Siders is the author of “Managed Coastal Retreat,” a compendium of all the tools that governments can use to encourage retreat from land exposed to rising seas and historic floods. She first got interested in the topic while living in New York after Sandy when, she says, “there were a lot of conversations . . . about how to rebuild, but the conversation that was missing was, should we rebuild.” Since then, she has become one of the country’s foremost experts on climate retreat policies—and perhaps their foremost advocate.
Many people find the idea of retreating from the coasts to be hasty or overly pessimistic, Siders says, but it’s not just Houston neighborhoods like Giselle Mendoza’s that are following her lead. FEMA buyouts have been concentrated in flood-prone areas such as New Jersey and southern Mississippi, and the Department of Housing and Urban Development has ramped up its own buyout program, including in regions of Florida that were struck by Hurricane Irma in September 2017. Some states have instituted laws like California’s Coastal Act, which requires new developments to build with adequate “setbacks” from coastal bluffs to account for future shoreline erosion. Even memelord presidential candidate Andrew Yang is on board with retreat: “We need to do everything we can to start moving the climate in the right direction,” he said at a debate last year, “but we also need to start moving our people to higher ground.”
Siders’s research has focused on teasing out the implications of a statement like Yang’s. After all, what is “need,” and who are “our people”? In the eyes of the Harris County Flood Control District, the retreat calculus is pretty much black and white: if the county can’t mitigate flooding, they do a buyout. But for Siders it’s more complex than that. When a government buys out a home, she says, it’s acting on the results of an economic analysis, a comparison between the costs of a flood barrier and the benefits—political, social, and economic—of keeping a community where it is.
In coastal North Carolina, for instance, Siders and one of her fellow researchers found in a forthcoming study that high home values, high income levels, and low racial diversity were all strongly correlated with “shoreline armoring” projects like seawalls. In low-income communities, meanwhile, property acquisitions were far more likely. Other parts of the country reflect the same trend: in the affluent beachfront community of Del Mar, California, city officials recently rejected a state commission’s managed retreat proposal, instead opting to rely on developing levees and fortifying sandbars so that the community could stay put; their argument was that buyouts wouldn’t work because local property values are too high. Similarly, in New Jersey, beachside homeowners have successfully sued for as much as $380,000 in compensation after the state built protective dunes on their property. In Houston neighborhoods like Arbor Oaks, though, where property values are lower, the government may conclude that fortifications are not worth the money, regardless of how residents feel. Where buyouts do occur, they lead to different outcomes for the rich and the poor, disproportionately benefiting wealthier and whiter families who have the means to sustain themselves as they buy new houses and settle in new communities.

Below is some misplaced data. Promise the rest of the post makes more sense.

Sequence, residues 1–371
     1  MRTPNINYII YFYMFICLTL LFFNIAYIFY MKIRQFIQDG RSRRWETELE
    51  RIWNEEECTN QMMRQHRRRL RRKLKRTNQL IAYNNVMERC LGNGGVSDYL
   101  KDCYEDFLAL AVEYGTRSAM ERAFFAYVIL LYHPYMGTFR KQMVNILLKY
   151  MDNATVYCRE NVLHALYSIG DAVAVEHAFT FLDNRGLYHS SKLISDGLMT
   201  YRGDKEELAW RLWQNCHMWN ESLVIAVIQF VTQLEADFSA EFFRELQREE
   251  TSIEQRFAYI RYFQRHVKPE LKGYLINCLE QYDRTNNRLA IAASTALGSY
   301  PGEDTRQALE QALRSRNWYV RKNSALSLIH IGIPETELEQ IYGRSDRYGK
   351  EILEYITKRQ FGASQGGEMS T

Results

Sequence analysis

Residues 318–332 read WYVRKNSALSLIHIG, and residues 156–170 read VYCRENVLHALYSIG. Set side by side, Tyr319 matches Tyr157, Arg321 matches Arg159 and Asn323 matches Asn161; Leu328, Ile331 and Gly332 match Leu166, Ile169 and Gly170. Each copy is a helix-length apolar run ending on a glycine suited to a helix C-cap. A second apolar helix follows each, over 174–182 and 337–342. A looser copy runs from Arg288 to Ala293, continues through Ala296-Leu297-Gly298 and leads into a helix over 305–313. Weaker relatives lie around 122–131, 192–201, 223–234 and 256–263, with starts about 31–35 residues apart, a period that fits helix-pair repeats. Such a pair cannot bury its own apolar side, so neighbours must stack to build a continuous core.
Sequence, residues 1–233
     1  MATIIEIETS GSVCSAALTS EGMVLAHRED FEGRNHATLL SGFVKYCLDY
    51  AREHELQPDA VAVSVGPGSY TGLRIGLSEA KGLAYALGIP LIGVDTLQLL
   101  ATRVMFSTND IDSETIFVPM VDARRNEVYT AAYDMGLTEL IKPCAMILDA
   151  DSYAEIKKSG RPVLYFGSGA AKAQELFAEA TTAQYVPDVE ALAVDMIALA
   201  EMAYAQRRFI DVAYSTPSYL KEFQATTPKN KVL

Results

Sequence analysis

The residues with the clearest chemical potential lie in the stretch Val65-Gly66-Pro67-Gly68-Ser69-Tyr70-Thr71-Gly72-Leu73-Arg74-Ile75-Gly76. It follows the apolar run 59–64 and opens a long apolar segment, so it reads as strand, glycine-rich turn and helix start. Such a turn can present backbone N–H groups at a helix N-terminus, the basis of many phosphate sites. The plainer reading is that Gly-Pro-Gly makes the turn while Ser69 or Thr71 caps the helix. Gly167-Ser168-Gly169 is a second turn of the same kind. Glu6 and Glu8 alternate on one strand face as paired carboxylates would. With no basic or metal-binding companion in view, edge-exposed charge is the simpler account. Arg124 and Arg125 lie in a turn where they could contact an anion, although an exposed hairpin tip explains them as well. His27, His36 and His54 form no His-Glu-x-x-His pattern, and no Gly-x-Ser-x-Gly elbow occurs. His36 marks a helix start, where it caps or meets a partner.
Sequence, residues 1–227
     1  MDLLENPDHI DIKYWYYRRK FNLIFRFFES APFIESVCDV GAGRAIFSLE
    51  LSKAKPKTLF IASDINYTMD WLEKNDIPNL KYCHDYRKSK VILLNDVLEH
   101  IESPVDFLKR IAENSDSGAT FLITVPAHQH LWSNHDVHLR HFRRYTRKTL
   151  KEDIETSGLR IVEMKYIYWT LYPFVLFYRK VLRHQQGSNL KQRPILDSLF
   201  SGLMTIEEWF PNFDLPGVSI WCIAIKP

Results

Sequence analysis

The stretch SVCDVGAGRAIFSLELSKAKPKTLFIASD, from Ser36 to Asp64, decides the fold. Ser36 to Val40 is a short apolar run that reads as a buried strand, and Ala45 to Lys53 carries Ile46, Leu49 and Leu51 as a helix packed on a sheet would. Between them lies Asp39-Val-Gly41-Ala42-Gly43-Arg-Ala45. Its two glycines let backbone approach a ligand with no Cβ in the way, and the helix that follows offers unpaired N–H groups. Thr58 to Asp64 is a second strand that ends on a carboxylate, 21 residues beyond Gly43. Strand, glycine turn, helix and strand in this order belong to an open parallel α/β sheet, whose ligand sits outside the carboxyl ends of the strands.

As the rains get heavier and the tides get higher, many coastal residents and the politicians who govern them are already being faced with a choice—batten down the hatches or pack up and leave.
The biggest challenge of managed retreat may be that it requires breaking a community apart in order to ensure the survival of its members. Although it’s been estimated that a majority of residents who take buyouts from Harris County end up staying in the Houston area, the social and spatial bonds that linked the former residents of a neighborhood like Giselle Mendoza’s will never be recreated. Even if New York City one day builds a seawall around Manhattan, protecting the East Village forever from the kind of dissolution that took place in Arbor Oaks, hundreds of smaller and less affluent communities will fall apart piece by piece in the coming decades as the storms continue.
The only contemporary counterexamples, says Siders, are the aforementioned pair of Native American villages in Louisiana and Alaska that the federal government may soon relocate in their entirety. But special cases notwithstanding, community relocation is not well-supported by U.S. law. Despite the fact that the United Nations Guiding Principles on Internal Displacement, which outlines the rights of people forced to migrate within their own country, holds that governments must safeguard the “life, dignity, and security” of the internally displaced, outside of these special cases, Americans displaced by weather events often have at most the right to material compensation for whatever property they lost during a natural disaster. Such a system, pegged as it is to real estate valuations, will always reproduce the inequality that existed prior to the catastrophe, if it doesn’t make that inequality even worse.
There Will Come Heavy Rains
Perhaps more than any other major city, Houston embodies the short-sighted development that Siders’s research describes. As early as the 1950s, when developers began pushing the boundaries of the city onto the surrounding prairie and wetlands, there was no mystery about the vulnerability of the land they built on (buyers, of course, were rarely told). But Houston let them build anyway, greenlighting construction in and around the Brazos and Cypress Creek floodplains, along the edges of the Addicks and Barker Reservoirs, and right up to the banks of the San Jacinto River that flows out into Galveston Bay. Millions of homes were built on former bayous and marshes that sit just fifty feet above sea level and slope at a rate of about one foot per mile.